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Bayonetta: A Problem of Sex, Violence, and Excellence

Adrian Hatwell
Adrian Hatwell

Sega’s latest exuberant action title seems to have divide critics in a very particular way; in the same breath commentators have hyperbolically praised the game’s achievements and decried it as an embarrassing shambles. Only sex could complicate something as nerdy-dry as video game reviewing like this.

Acclaim for the game has been uniform and thunderous, Bayonetta occupies an absurdly high position on review aggregators Internet-wide and critics haven’t been shy in saying way. The game knows how to fight, as an example of manic 3D hack-and-slash action it’s a real achievement. Stupidly complicated, physically impossible combat is stitched together and controlled so tightly that even when your eyes don’t keep up with the action you’re fingers will always have the right idea.

With technical foundations so expertly laid it falls to creative decisions to muddy these waters. The game is directed by legendary Japanese designer Hideki Kamiya, the talent responsible for the birth of such stylistically distinct series as Devil May Cry and Viewtiful Joe. His name automatically connotes a level of spectacular violence and idiosyncratic vision, and this time around that vision’s theme was to be ‘sexy’.

Now, there’s nothing inherently wrong with any sort of cultural product aiming to titillate or indeed move merchandise through sex. But as I’ve alluded to previously, the video game medium is uniquely inept at being sexy, and as the philosopher Timberlake once remarked, one cannot bring sexy back where it’s never been. With the industry’s boys-club culture in a stunted period of adolescence the savvy gamer knows to be inherently suspicious of digital lasciviousness.

And in Bayonetta’s case the suspicion proves more than warranted. The game’s titular protagonist is a practicing witch, though her impossible figure strikes more of a naughty librarian-cum-BDSM devotee note. Her exaggerated combat techniques, while undeniable in their brutal efficiency, are decorated with lipstick marks, a lot of suggestive bending and the tendency to require complete nudity. To regain health Bayonetta sucks salaciously on lollipops and her more powerful attacks take the form of sadomasochistic sex play. A wickeder witch one would be hard pressed to find.

There’s been a wealth of analysis on the topic of Bayonetta’s Mardi Gras-like tendencies from some of gaming’s finest commentators. Wired’s Gus Mastrapa found the game’s thematic silliness to overpower fundamental brilliance, whereas Iroquois Pliskin of Versus CluClu Land argued for the game as a triumph over its creative mistakes. Over at GamePro Leigh Alexander found the title to be empowering rather than exploitative, a position Tiff Chow disagrees with vehemently on her blog.

Those fine writers have all done a wonderful job of breaking down the game’s individual ass-shots and double-entendres, so rather than add my own close-reading I thought I would just share my first experience with the problematic Witch.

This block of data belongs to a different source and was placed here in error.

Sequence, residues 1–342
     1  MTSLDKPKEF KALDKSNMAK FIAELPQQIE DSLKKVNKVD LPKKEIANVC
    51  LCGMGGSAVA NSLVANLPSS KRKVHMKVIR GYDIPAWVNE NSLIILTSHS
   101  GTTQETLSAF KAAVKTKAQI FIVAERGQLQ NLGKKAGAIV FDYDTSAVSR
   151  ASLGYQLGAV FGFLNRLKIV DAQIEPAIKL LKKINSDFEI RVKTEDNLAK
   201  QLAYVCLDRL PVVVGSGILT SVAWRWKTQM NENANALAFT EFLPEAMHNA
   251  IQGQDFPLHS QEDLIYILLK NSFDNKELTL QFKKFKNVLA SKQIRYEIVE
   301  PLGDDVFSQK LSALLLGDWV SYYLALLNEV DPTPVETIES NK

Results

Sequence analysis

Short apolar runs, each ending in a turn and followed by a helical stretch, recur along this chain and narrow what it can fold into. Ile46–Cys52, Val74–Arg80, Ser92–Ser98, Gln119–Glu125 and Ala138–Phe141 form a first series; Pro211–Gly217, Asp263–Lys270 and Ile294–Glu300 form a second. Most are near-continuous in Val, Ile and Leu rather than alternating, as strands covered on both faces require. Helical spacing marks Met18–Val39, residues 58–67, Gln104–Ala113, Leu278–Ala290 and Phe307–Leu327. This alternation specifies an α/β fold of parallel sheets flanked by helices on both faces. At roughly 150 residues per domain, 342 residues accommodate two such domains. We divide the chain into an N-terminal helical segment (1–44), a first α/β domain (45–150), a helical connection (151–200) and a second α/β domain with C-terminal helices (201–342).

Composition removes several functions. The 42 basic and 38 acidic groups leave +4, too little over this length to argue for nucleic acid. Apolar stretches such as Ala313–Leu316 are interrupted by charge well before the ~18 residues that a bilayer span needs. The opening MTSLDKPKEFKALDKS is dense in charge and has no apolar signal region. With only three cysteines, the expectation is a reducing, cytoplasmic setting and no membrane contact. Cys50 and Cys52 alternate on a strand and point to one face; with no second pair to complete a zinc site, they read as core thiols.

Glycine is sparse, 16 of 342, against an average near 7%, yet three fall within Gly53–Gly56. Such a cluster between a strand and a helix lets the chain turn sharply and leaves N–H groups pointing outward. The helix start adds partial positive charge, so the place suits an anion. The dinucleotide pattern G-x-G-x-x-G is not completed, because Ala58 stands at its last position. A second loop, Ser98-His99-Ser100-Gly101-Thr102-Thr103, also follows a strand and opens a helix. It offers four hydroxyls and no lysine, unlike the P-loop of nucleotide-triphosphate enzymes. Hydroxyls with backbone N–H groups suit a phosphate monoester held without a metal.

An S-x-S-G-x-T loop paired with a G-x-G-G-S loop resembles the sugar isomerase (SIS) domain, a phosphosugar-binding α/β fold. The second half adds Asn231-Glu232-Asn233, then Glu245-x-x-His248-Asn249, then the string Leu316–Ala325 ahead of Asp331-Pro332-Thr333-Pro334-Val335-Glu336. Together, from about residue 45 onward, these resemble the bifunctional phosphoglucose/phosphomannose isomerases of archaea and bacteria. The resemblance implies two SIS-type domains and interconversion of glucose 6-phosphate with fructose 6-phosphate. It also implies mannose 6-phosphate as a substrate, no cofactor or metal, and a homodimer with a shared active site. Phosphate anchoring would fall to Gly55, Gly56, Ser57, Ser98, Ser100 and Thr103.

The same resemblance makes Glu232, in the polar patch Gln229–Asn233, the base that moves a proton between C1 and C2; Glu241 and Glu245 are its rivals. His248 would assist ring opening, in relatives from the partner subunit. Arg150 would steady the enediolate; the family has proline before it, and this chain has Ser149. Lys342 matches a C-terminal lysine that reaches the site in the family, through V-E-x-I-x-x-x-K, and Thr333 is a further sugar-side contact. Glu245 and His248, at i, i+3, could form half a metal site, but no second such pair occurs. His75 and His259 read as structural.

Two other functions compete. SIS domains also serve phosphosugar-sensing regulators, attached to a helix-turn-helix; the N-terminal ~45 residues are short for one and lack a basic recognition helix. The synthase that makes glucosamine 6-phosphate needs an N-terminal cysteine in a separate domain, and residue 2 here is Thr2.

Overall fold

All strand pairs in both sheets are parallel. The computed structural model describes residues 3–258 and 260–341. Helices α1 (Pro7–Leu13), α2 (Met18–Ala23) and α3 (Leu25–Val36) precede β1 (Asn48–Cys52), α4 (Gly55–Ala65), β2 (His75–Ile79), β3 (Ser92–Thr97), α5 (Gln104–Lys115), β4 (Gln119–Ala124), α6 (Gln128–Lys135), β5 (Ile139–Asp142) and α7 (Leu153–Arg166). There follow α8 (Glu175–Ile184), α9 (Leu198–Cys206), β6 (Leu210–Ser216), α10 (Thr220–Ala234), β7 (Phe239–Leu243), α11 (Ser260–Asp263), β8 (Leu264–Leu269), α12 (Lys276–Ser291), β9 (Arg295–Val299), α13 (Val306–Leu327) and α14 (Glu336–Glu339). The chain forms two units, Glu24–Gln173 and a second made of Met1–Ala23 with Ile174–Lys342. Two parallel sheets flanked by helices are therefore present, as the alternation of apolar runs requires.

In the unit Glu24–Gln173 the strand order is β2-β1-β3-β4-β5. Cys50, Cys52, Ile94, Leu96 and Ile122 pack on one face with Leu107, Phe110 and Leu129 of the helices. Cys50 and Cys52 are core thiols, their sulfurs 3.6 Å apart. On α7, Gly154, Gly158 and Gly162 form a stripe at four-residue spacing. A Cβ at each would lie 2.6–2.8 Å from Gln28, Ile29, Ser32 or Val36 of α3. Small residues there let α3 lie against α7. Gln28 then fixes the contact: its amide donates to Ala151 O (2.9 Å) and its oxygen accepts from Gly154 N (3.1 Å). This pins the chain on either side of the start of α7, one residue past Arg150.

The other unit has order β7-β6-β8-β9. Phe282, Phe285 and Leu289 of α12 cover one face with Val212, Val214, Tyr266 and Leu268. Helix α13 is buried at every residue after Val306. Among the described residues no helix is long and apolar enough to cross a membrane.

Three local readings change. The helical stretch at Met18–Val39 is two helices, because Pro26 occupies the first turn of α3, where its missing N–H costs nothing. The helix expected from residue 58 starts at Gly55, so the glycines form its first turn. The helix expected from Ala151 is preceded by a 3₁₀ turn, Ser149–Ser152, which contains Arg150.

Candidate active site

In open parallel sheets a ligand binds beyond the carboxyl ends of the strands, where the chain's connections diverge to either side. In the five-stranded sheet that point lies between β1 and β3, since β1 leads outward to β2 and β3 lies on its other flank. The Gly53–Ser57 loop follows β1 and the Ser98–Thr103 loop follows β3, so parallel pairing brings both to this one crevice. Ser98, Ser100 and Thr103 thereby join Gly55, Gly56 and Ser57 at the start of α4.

Whenever possible I like to play games as a social undertaking, even if its just a bunch of spectators passively watching a single-player game while drinking away the evening. This is more often than not a crowd of friends, most relatively intelligent, interesting, discerning individuals who aren’t necessarily all that fascinated by video games. It’s cool to be able to show off a well-made game to an audience unfamiliar with the medium’s possibilities and it’s equally valuable to hear outsider opinions on the things we gamers take for granted.

When I loaded up Bayonetta in such an environment, however, the experience wasn’t quite so positive. Within minutes the derisive chuckles had started up as the catsuit-clad heroine swished across the screen in fully loaded five-inch heels. When the hodgepodge of western religious iconography began to rain down the mood went from jovial to incredulous, and after the third nonsensical cinematic filled with stilted dialogue, ridiculous posturing, and impenetrable plot points things turned poisonous; worse than being offended, the crowd become bored.

I lost the room so completely that I couldn’t even summon the courage to at least commend the tight mechanics, at that point the observation would have meant less than nothing.

Still, in my capacity as a reviewer I know there’s a good, perhaps even great, game buried beneath all that lipstick and hair. I came back to the game repeatedly, as is my duty, but found the trappings increasingly aggravating even when alone.

Whether or not the game’s style does indeed drown its substantiative achievements will be, I think, a matter of personal taste. But as far as an objective (ha) test goes, my ‘Room full of Partially Interested Observers’ method rules Bayonetta an unprecedented failure. For all that’s worth.

When trying to asses a game on a less technical, more creative level I like to think of the simmering anger I felt when first reading Roger Ebert’s ‘games aren’t art’ comments. If we made him sit down and take notice, told him we were about to prove him wrong, would the game in question confront Ebert’s assumptions, subvert them, surprise him, and make him think again?

Most of the time probably not, that doesn’t necessarily deem a game worthwhile or not. But if the suggestion would cause the verbose critic to involuntarily double over with mocking laughter, however, then I think the case is pretty cut and dry. Sorry, Bayonetta.

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